Links for 15th May, 2019

  1. “Our science is past its childhood, but has not reached its manhood yet. On the one hand, our patience is still being tried by the phraseology of “schools ” and “-isms,” and there is still plenty of scope and shelter for the products of bad workmanship passing themselves off as new departures; but, on the other hand, the really living part of our science shows hopeful signs of, if I may say so, that convergence of effort, which is the necessary and sufficient condition of serious achievement. Those economists who really count do not differ so much as most people believe; they start from much the same premises; problems present themselves to them in much the same light; they attack them with much the same tools; and, although some of them have a way of laying more stress on points of difference than of points of agreement, their results mostly point towards common goals. This is not only true of fundamentals of fact and machinery, but also of what is going on within the precincts of every one of our time-honoured problems.”
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    Professor DeLong treats us to an extended excerpt from Joseph Schumpeter on business cycles, and while the extract isn’t light reading for anybody, I found the “isms” quoted above to be of interest.
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  2. “Oh, for sure. I’ve had three or four people tell me they called him on it on the first hole. He kicks the ball so much that caddies call him Pelé [a reference to the famous Brazilian soccer player]. He throws it out of bunkers, he retakes shots, he throws other people’s balls into the water.But every time people call him on it, he has the same answer, which is, “Oh, the guys I play with, you’ve got to do this just to keep it fair.” It’s the Lance Armstrong defense: Everybody’s doing it, so I have to do it just to keep up, otherwise I’m getting cheated. It’s the default rationalization of a cheater.

    But in reality, the National Golf Foundation says 90 percent of people don’t cheat when they play. But this guy cheats like a mafia accountant.”
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    Guess the sport, the person being spoken about, and most important, the reason for including this article in today’s set (hint:it’s not the obvious answer). I’ll write down the answer after the fifth link today.
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  3. “This assessment of BRI should not be taken to mean we can be complacent about other things that China does, some of which are most likely part of a conscious strategy. It’s just that we need to assess trends on their merits and not be led purely by conspiracy theories and our availability biases or preconceived notions.”
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    Urbanomics shares a useful set of links to do with BRI, China and how there may well be a simpler set of explanations than a grand over-arching theory that is mostly about a conspiracy.
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  4. “I think that what will take people by surprise will be:the failure of monetary policy to be adequately stimulative in the next downturn while

    there is so much polarity and conflict both within countries and between countries.

    I think that these things will be surprising to people because they’ve never happened before in their lifetimes though they’ve happened many times before in history. I suggest that you study the cause-effect relationships in the 1930s to see the mechanics that led to the outcomes of that period.”
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    Ray Dalio does an AMA, and all of the answers are worth reading (the one on time, for example, while being a bit obvious, is still an excellent one)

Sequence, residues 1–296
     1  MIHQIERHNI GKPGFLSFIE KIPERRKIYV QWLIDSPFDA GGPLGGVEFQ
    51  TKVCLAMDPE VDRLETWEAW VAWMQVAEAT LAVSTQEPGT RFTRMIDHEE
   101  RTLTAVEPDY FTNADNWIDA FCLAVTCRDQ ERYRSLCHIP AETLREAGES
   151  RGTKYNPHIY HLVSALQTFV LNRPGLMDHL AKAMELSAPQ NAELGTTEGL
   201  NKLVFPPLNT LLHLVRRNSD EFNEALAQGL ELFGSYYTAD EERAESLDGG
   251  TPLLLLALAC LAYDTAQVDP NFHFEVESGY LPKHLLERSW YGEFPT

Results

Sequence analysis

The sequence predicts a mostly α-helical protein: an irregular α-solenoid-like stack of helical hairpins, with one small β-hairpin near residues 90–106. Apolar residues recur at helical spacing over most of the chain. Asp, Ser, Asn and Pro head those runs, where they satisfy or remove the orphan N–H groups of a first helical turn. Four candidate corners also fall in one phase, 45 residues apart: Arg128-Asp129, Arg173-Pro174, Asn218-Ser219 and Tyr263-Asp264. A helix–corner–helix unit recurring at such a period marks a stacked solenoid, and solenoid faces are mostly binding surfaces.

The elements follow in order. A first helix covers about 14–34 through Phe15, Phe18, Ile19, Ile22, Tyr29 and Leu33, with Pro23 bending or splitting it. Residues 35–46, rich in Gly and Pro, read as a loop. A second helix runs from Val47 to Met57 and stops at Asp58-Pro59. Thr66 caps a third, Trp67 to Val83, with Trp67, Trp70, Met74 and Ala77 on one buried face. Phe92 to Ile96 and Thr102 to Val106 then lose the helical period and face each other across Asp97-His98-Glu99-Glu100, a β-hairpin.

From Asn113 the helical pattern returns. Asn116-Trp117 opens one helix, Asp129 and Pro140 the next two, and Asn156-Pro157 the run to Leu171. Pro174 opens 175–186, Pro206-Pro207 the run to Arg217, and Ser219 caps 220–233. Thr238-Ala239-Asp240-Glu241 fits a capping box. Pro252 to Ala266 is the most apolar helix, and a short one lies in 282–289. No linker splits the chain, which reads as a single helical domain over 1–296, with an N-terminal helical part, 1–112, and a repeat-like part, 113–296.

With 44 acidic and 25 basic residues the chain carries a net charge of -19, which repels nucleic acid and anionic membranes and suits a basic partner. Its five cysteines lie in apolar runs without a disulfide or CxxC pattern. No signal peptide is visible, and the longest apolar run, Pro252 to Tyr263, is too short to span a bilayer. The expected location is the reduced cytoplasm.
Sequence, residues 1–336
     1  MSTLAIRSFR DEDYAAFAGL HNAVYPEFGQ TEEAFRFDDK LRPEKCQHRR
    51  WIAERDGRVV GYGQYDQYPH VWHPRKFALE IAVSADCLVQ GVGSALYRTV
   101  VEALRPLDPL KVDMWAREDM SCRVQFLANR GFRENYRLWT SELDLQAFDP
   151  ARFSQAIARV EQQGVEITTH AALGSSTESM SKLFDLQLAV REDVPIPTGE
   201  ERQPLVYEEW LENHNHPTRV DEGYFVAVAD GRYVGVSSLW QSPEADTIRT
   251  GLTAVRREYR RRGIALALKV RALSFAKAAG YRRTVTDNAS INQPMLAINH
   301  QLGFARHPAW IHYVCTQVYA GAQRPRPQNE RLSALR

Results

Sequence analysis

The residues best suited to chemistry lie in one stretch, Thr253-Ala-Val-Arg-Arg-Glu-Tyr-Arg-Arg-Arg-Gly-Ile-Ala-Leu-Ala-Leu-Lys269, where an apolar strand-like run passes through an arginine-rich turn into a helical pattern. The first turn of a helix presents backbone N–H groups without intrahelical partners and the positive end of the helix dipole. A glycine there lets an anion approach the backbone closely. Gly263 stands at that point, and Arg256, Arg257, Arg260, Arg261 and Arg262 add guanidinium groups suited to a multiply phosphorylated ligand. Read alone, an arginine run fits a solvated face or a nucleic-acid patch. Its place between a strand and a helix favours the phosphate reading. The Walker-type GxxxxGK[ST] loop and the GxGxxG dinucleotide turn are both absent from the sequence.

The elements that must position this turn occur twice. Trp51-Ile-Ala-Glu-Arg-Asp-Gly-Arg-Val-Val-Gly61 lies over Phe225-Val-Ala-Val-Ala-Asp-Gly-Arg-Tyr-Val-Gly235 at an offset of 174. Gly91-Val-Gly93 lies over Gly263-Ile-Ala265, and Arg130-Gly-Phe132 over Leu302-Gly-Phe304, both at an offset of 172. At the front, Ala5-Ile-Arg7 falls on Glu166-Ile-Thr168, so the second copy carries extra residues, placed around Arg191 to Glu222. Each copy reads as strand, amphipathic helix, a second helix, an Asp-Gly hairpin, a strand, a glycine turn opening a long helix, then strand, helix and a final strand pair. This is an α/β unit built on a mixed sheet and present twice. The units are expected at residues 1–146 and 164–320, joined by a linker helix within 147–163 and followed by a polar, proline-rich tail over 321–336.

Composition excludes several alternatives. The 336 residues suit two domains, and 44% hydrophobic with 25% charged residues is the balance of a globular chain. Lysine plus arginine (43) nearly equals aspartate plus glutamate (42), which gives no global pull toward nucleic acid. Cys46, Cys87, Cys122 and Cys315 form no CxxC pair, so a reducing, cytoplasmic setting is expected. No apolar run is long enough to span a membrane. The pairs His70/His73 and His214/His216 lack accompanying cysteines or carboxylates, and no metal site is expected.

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  5. “When it had its premiere in 2011, “Now on My Way to Meet You” was a tear-jerking reunion program featuring families separated by the Korean War, but before the show had a chance to reunite anyone, it underwent a transformation. The way the producers tell it, in their scramble to recruit separated families, they kept running into a new generation of defectors. So they made the rather canny decision to reorient their show around appealing young women, whom they took to calling “defector beauties.” The show’s on-location backdrops of humble homes and noodle restaurants gave way to a glitzy game-show-type set, and estranged septuagenarians were replaced with girlish defectors. Pretty soon, the only thing left of the original program was its name and the desire for reunion.”
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    Since I chanced upon this via MR, I’ll use the phrase “interesting throughout” – and for a variety of reasons!

    What does that article teach us about how to judge ourselves?

Links for 12th April, 2019

  1. “Due to these challenges, the Belt and Road has provoked growing international resistance, most acutely in the Indo-Pacific. This rising backlash has not gone unnoticed in Beijing.3 Yet it is unlikely that China’s approach will fundamentally change in the years ahead. The sheer size of ongoing Belt and Road projects limits China’s ability to refocus on smaller and less controversial efforts. Moreover, the Belt and Road is ultimately a vehicle for China’s geopolitical ambitions. Liabilities for host countries – loss of control, opacity, debt, dual-use potential, and corruption – are often strategic assets for Beijing. ”
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    Worth reading in its entirety, both for how well they have framed it (10 issues, 7 challenges) and for understanding the scope, the scale of OBOR – as well as why China wants something like this to happen.
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  2. “Krugman’s assertion that capacity keeps on rising might be correct – but that probably depends on one of the following conditions:The recession is short enough not to significantly affect innovation and investment
    Growth depends on factors that are not (negatively) affected by recessions
    Underlying capacity growth will accelerate beyond trend as the recession endsThe first we can yet hope for, but it’s looking less likely every month.”